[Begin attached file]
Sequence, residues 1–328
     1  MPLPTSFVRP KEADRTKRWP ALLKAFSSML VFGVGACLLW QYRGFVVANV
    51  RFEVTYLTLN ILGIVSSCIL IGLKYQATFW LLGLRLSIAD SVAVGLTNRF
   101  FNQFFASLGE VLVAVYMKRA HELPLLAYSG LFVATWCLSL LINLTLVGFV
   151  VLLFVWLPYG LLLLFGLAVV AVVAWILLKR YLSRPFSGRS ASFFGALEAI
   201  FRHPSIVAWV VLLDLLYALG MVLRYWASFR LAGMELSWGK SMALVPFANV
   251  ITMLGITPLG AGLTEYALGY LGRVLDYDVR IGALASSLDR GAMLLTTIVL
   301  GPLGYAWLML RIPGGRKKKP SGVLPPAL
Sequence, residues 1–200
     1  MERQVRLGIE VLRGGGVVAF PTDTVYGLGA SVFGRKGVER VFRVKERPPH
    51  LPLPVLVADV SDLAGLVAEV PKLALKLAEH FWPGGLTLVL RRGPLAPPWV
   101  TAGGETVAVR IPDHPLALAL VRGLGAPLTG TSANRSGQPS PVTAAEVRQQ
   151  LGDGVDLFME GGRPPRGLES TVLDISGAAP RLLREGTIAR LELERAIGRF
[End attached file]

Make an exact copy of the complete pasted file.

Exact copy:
Sequence, residues 1–328
     1  MPLPTSFVRP KEADRTKRWP ALLKAFSSML VFGVGACLLW QYRGFVVANV
    51  RFEVTYLTLN ILGIVSSCIL IGLKYQATFW LLGLRLSIAD SVAVGLTNRF
   101  FNQFFASLGE VLVAVYMKRA HELPLLAYSG LFVATWCLSL LINLTLVGFV
   151  VLLFVWLPYG LLLLFGLAVV AVVAWILLKR YLSRPFSGRS ASFFGALEAI
   201  FRHPSIVAWV VLLDLLYALG MVLRYWASFR LAGMELSWGK SMALVPFANV
   251  ITMLGITPLG AGLTEYALGY LGRVLDYDVR IGALASSLDR GAMLLTTIVL
   301  GPLGYAWLML RIPGGRKKKP SGVLPPAL
Sequence, residues 1–200
     1  MERQVRLGIE VLRGGGVVAF PTDTVYGLGA SVFGRKGVER VFRVKERPPH
    51  LPLPVLVADV SDLAGLVAEV PKLALKLAEH FWPGGLTLVL RRGPLAPPWV
   101  TAGGETVAVR IPDHPLALAL VRGLGAPLTG TSANRSGQPS PVTAAEVRQQ
   151  LGDGVDLFME GGRPPRGLES TVLDISGAAP RLLREGTIAR LELERAIGRF